Getting Started with Apple Watch

There’s a temptation to view Apple Watch as a gadget.  It is.  However, I have found this approach to be a little overwhelming.  This guide instead takes the approach of first introducing it as watch, then over time adding details about additional layers of functionality (complications if you will).

The Watch

Strapping the Watch to your Wrist

An important thing to note is that for the watch to be used most effectively it needs to make contacts with your skin. This doesn’t mean you have to have the watch so tight that it’s digging in, but if it’s loose enough to freely rotate around your wrist, it’s likely too loose and you'll miss out on some of the cooler features.

Interacting with the Watch

Here’s the list of technical terms for interacting with the watch. Don’t worry, most of them you already know from using iPhone.

  • Tap - Tapping is what it sounds like, just tapping the face of the Apple Watch the way you would on the phone.

  • Swipe - Swiping is a familiar gesture from the iPhone. There’s no 'slide to unlock' on the Watch, but when the clock is showing you can swipe downward from the top of the face to see notifications or swipe up from the bottom of the face to  ‘Glances’ (short one page cards that give you some info from an app).
     
  • Force Touch - Force Touch is pressing into the face sort of the way you would press a  button.  There are lots of places on Apple Watch where you can Force Touch to bring up more options. Think of the Force Touch like ‘right click’ on a computer.  There’s no visual indication that a Force Touch option will be available but if you’re wondering if an app has additional functionality try force touching; you might be pleasantly surprised.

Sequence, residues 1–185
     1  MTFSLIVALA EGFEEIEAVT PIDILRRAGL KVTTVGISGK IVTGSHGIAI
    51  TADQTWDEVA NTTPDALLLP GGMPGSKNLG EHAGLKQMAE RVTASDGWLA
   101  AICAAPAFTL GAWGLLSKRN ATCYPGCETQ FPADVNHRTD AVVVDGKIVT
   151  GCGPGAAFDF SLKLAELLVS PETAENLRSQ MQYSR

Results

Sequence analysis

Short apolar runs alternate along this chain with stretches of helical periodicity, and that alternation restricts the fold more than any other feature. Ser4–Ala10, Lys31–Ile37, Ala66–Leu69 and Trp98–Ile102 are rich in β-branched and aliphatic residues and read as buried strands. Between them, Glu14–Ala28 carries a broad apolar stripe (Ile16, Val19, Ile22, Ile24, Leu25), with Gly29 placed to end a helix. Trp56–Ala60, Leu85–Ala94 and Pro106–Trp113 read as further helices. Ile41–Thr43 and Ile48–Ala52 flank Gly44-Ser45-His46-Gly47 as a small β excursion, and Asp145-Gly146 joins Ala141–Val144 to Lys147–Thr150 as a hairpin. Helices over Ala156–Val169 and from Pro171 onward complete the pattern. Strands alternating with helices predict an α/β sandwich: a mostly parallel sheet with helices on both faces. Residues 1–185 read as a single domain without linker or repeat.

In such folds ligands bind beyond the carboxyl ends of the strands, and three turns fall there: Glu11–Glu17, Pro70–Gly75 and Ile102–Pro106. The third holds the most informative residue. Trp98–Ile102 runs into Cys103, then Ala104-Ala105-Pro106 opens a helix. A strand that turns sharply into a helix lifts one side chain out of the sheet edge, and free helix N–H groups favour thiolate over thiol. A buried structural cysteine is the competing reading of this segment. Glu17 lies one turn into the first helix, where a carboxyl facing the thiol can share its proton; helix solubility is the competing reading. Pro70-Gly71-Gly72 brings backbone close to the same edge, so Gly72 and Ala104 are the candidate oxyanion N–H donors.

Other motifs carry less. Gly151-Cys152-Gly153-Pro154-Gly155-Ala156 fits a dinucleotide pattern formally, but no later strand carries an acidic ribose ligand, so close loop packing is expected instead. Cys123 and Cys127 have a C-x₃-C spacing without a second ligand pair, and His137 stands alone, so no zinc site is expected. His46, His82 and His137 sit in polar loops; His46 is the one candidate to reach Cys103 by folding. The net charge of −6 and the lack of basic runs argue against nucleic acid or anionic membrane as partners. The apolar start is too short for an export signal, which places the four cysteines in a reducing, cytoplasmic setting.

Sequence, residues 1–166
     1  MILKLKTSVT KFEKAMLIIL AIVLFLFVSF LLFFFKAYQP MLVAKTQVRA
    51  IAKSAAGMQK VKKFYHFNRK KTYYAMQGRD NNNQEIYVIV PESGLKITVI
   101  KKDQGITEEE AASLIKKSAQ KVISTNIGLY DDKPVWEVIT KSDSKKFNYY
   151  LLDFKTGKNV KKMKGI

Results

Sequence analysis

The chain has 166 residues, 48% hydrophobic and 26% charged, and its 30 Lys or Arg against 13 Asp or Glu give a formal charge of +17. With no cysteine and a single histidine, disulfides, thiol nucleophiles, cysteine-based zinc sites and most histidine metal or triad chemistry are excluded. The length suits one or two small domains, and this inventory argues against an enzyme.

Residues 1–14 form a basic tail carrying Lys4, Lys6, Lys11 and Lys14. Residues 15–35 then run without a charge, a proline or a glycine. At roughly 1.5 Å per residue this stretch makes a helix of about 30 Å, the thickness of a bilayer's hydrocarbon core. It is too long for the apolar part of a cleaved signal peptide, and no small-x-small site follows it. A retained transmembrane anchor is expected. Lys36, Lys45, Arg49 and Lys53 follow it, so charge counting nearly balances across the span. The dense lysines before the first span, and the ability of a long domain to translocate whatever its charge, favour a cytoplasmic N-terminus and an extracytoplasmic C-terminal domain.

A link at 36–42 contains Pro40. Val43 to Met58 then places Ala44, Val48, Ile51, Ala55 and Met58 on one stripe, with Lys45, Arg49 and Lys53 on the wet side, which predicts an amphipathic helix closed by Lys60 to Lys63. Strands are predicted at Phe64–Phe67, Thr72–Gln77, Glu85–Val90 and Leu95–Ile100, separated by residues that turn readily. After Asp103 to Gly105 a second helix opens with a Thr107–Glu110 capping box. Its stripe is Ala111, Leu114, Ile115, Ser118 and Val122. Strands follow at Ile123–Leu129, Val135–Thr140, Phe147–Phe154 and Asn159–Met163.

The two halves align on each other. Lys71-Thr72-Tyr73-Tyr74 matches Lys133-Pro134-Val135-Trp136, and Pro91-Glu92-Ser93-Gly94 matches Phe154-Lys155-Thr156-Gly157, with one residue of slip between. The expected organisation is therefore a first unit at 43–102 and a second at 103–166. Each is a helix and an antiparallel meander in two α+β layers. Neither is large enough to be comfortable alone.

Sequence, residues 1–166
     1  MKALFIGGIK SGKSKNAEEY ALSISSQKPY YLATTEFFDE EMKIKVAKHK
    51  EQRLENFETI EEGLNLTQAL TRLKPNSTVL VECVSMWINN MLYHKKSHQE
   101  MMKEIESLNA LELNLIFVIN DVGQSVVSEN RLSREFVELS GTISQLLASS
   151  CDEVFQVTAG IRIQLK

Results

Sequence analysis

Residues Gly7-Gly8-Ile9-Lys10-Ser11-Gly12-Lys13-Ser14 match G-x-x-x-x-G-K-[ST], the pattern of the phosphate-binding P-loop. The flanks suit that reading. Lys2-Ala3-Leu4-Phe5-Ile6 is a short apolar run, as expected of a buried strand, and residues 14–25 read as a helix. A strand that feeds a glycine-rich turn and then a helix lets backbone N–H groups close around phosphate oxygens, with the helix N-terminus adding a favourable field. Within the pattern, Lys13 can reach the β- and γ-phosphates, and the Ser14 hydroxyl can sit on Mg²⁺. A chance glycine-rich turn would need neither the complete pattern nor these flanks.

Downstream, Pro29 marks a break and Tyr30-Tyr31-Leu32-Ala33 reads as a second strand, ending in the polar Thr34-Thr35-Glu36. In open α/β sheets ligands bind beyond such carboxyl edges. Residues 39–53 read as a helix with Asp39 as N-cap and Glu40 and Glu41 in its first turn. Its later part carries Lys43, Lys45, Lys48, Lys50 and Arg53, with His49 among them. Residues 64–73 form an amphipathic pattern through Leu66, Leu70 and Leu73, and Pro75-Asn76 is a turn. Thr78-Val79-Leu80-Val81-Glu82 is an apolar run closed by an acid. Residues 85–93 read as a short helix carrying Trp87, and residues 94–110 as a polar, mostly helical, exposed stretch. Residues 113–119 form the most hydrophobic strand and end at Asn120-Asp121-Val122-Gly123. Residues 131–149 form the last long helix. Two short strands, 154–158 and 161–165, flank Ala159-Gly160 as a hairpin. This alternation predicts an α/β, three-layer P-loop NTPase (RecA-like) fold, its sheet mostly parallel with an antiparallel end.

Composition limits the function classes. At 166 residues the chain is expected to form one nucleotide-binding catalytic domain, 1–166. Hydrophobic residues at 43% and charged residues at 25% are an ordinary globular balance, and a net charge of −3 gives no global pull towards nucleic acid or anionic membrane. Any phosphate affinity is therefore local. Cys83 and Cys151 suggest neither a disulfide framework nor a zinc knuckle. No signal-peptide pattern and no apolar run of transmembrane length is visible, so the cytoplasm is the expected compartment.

• Digital Crown (pushing) -  The Digital Crown acts like the iPhone Home Button when you push it in towards the watch. Pressing it once wakes up the face if it’s asleep or takes you to the Home Screen if you’re in an app.  Pressing and holding it for a couple of seconds activates Siri.  Pressing it in along with the contacts button takes a screenshot.
     
  • Digital Crown (turning) - Turning the Digital Crown on the Home Screen allow you zoom in and out.  While exploring Faces turning the crown allows you change colors. When looking at an app that has a list turning the crown allows you to scroll up and down the list.  Play with it, it’s fun.
     
  • Side Button - The Side Button is just below the Digital Crown.  Tapping it once brings up contacts from your favorites.  Tapping it twice brings up Apple Pay.

Pairing the Watch with iPhone

The first step in setting up your new watch is to pair with your iPhone.  Open up the watch app on iPhone and tap  'Start Pairing' then follow the on-screen instructions.  Honestly, I think the pairing is the most underrated part of the initial watch experience.  I won't ruin the surprise but the way Apple did it is very cool and also very straightforward. 

Unlock Apple Watch with Passcode

During the set-up process, you will be prompted to create a passcode for the watch.  You'll need to enter this code if the watch is ever removed from your wrist.  If you have an iPhone with Touch ID however you will be given the option to unlock the watch using your iPhone.  Pretty cool.

Waking the Watch

The watch wakes up and displays the clock face whenever you turn your wrist to look at it.  You can also wake the watch by pressing the Side Button or pressing in on the Digital Crown.

 Check out  Up Next - What To Do When  on the App Store,  a great way to view your reminders lists on Apple Watch 

Check out Up Next - What To Do When on the App Store,  a great way to view your reminders lists on Apple Watch